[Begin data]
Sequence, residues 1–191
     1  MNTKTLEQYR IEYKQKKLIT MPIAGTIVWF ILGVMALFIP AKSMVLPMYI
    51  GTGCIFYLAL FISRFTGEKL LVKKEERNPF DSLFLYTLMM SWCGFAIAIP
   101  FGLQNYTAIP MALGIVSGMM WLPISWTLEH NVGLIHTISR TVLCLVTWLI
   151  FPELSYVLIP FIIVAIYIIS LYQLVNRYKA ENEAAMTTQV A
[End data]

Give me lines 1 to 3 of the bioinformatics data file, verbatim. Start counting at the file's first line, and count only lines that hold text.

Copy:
Sequence, residues 1–191
     1  MNTKTLEQYR IEYKQKKLIT MPIAGTIVWF ILGVMALFIP AKSMVLPMYI
    51  GTGCIFYLAL FISRFTGEKL LVKKEERNPF DSLFLYTLMM SWCGFAIAIP